This is the first potting of the Han Kengai Yamadori Yew. its still got some filling out of the foliage to do so I have potted the tree in an oversize pot to give the roots more run. At this stage, I wanted to know the state of the roots and whether there we any large ones that need to be reduced. I was surprised that there were none. In the future, this tree can be potted in a much shallower and smaller pot. my friend Riccardo Vinciguerra assisted. You can see the earlier work here.
Its always exciting when you tackle a piece of raw material for the first time, the element of discovery (and sometimes disappointment) seeing the image that you have in your head appear before your eyes is great.
This tree was collected over 4 years ago, this is a tall thin English Yew (Taxus Baccata), it has a shari that runs from top to base. Its never been re-potted out of this washing up bowl and it is now ready. The first work is not actually styling but formulating the branch structure and foliage locations. No wiring, no styling no branch positioning, the tree will be left to grow. All I will do over the next 12 months is clean the tree and tidy up the cuts.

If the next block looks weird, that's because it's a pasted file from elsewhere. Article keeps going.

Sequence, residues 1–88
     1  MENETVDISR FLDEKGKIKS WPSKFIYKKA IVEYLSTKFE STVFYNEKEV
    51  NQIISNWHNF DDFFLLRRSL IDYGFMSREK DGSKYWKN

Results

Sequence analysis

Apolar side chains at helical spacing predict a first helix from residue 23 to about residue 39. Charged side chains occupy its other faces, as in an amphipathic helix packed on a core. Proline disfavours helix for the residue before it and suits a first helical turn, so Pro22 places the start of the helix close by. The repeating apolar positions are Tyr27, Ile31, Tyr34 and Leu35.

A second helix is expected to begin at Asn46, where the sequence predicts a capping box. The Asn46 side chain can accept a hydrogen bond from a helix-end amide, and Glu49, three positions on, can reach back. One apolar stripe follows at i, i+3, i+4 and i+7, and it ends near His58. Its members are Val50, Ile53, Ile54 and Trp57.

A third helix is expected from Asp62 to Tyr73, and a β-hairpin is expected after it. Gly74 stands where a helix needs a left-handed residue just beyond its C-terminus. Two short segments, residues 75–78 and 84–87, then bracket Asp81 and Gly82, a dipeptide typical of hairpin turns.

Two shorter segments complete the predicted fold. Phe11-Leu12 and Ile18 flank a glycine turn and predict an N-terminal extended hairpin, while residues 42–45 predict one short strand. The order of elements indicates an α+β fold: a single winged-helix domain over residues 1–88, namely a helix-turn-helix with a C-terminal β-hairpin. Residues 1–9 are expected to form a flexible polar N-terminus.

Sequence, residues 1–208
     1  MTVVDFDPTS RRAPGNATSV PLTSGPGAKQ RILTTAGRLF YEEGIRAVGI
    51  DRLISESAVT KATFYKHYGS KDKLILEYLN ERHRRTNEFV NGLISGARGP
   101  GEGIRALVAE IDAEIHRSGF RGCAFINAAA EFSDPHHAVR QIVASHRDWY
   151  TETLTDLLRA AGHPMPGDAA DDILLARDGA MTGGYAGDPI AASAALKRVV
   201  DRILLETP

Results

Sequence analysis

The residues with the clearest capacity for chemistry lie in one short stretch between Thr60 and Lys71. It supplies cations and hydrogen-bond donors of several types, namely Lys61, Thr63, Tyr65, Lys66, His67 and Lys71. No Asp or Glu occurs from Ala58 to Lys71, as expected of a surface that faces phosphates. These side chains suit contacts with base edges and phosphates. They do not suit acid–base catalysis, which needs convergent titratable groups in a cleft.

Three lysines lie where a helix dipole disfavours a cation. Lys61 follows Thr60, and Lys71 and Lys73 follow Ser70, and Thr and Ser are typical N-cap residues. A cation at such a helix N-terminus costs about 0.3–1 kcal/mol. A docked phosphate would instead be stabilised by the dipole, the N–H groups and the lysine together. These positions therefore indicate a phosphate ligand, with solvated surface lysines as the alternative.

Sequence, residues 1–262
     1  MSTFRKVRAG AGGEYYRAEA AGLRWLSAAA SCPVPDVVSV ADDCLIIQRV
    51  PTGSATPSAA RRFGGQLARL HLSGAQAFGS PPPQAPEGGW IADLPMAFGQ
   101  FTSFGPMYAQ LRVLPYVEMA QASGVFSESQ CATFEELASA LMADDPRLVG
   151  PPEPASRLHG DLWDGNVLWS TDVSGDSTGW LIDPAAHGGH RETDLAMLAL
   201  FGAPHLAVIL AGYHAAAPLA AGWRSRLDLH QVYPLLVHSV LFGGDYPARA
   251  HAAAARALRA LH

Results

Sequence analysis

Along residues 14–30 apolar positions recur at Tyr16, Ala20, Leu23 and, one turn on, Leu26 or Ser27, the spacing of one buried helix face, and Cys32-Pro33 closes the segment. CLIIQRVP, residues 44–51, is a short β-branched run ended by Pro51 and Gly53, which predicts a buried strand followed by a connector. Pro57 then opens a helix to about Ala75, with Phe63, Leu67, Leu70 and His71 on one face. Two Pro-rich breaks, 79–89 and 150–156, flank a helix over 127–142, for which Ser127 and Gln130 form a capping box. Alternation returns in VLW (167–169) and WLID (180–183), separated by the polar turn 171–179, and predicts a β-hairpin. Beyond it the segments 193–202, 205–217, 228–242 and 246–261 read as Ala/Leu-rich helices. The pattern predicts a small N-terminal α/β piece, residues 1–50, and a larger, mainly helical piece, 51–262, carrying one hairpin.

This amazing windswept tree belongs to my best mate in Bonsai Terry Foster. It has been planted on a rock for a number of years but Terry was never happy with the composition. Terry has access to some wonderful pieces of wavy rock that he collected on his travels. The new piece was more suited to the final image that Terry wanted.
Terry had prepared the rock by drilling a large hole in the base, and placing brass screws to secure tie wires to.
The whole project took 2 hours. The photos tell the story
The tree has undergone two wiring, the second one today. Its been a process of building strength in the tree, developing branches and creating a dense foliage mass. I guess that it will be at least two more years before the tree is anywhere near showing. I have a lovely Gordon Duffet pot ready for the tree when it is potted next April/May.